The North Country faces a constant drum beat of sexual assault and violence against women and children. Stephen Howells (left) was accused of abducting two Amish girls last month in the St. Lawrence Valley; he was hardly alone. Michael Geraci (center) is accused of choking and threatening to kill a woman in Oswegatchie. Eric Davis (right) is accused of engaging in sexual behavior with a 9-year-old child. Photos: NYS police agencies
The last few months, North Country Public Radio has reported extensively on the heroin and prescription drug epidemics here in our rural region. We’ve seen law enforcement ramp up its arrests, calling for task forces, better coordination and new funding. Lawmakers have held public hearings and the scourge has dominated headlines.
The weird thing is that there’s another, arguably far more serious epidemic in the North Country that doesn’t get talked about much, doesn’t get treated as a pattern or as a problem that needs an ‘all hands on deck, boots on the ground’ response.
I’m talking about rape, sexual and domestic violence, and the sexual assault and exploitation of children.
This issue drew big banner headlines last month, when two Amish girls were abducted and allegedly sexually assaulted in St. Lawrence County, a horror that drew national headlines. But the reality is that this horror is a near daily event, and a constant danger in our small towns.
A drumbeat of rape, sexual assault and domestic violence
Scroll through the New York State Police bulletins for our region and you find a flood of sickening accounts of men — and yes, they’re almost always men — facing accusations of horrific sexual violence toward women and children.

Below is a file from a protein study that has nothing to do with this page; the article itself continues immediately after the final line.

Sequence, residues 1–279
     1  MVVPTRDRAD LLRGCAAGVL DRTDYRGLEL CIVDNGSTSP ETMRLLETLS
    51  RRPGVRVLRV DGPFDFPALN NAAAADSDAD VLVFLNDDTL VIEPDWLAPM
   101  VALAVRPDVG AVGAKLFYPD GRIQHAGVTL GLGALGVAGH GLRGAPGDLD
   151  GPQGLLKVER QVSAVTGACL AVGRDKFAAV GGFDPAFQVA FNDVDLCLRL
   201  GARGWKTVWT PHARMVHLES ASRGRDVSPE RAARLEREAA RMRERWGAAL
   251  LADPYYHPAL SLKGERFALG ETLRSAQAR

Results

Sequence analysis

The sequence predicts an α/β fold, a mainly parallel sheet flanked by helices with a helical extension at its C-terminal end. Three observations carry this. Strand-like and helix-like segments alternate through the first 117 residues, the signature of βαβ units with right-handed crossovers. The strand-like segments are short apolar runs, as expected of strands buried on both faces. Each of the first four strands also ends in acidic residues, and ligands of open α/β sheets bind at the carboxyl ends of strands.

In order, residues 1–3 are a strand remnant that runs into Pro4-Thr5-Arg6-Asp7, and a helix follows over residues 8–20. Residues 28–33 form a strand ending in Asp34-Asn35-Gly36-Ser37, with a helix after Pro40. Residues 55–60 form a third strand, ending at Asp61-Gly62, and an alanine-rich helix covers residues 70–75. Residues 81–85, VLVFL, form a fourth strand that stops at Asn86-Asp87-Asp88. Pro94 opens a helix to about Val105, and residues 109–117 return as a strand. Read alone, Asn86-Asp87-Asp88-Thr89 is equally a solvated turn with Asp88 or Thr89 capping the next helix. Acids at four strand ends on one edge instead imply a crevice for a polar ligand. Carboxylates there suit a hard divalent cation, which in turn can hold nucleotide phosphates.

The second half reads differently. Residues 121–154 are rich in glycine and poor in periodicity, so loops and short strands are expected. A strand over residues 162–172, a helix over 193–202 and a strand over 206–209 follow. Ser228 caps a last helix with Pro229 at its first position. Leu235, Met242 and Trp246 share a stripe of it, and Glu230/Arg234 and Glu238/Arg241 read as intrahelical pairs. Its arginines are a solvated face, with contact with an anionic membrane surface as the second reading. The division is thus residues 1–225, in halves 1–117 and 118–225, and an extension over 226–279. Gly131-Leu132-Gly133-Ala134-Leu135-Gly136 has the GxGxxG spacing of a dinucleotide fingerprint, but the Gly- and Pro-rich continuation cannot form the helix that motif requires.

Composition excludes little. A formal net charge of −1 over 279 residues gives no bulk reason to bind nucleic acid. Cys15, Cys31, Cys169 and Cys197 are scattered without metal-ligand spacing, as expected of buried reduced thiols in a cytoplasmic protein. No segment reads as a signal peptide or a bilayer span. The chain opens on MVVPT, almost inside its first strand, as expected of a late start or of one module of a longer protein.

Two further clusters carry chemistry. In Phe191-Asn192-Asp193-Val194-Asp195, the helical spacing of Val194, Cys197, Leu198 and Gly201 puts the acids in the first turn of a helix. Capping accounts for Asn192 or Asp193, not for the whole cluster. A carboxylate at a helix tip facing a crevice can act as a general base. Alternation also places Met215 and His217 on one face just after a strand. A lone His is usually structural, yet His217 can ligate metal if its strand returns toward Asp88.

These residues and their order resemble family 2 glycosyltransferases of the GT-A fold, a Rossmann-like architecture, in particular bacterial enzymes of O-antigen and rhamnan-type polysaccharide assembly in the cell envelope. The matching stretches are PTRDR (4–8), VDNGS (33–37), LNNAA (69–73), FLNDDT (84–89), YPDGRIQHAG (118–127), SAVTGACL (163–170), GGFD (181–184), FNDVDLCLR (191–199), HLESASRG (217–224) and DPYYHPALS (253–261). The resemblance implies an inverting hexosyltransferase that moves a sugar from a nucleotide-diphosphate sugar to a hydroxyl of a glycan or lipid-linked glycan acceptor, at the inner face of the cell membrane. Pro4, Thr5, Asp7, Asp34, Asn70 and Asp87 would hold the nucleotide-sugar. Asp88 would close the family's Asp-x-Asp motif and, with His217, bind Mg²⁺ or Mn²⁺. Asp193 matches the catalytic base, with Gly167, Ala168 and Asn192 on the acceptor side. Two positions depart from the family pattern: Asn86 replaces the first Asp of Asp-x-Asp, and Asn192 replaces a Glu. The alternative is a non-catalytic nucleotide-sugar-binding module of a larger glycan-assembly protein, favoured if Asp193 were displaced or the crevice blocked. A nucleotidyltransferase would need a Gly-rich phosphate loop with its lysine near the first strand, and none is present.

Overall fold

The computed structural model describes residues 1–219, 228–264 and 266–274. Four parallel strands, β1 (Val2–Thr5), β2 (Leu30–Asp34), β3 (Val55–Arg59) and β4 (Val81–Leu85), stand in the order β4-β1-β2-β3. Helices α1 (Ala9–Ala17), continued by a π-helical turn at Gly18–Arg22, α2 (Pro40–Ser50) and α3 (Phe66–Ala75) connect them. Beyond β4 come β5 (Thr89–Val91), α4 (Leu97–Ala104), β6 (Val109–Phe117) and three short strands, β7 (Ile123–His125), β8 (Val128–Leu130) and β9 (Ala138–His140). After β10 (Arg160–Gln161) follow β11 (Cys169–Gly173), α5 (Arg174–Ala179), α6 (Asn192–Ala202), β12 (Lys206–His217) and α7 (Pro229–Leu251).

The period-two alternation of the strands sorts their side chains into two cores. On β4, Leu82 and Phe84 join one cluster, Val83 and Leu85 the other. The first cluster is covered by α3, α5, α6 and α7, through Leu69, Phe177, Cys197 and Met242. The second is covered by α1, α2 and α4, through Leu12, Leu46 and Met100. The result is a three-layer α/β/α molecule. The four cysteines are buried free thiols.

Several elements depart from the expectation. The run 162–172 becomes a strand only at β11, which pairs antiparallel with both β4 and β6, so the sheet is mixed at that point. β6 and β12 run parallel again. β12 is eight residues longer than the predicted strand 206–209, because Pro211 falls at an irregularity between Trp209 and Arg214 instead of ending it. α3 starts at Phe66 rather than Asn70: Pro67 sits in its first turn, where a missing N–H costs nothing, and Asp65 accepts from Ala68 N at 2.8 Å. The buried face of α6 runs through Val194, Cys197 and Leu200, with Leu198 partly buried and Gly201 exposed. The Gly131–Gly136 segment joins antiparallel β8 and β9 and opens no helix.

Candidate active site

On September 16, 2014, State Police arrested 27-year-old Daniel A. Horacek of Jay in Essex County for “forcibly engaging in various sexual acts with two female victims. The abuse occurred over the course of several years, prior to 2004.”
That same day, State Police arrested and charged 43-year-old Ralph E. Planty of Liverpool, New York, allegedly engaging in “inappropriate sexual contact with a 12-year-old female victim at a residence in the town of Potsdam.”
The day before, State Police arrested 23-year-old Derrick J. Terry of Keeseville for allegedly raping a 30-year-old victim. “Terry forcibly raped the victim at a residence in Ausable Forks in the early morning hours of June 4, 2014,” according to their report.
A couple of days before that, State Police arrested 30-year-old Michael T. Geraci of Oswegatchie following a domestic dispute in which Geraci allegedly “choked the 32-year-old female victim, and punched her in the face, causing visible injuries.”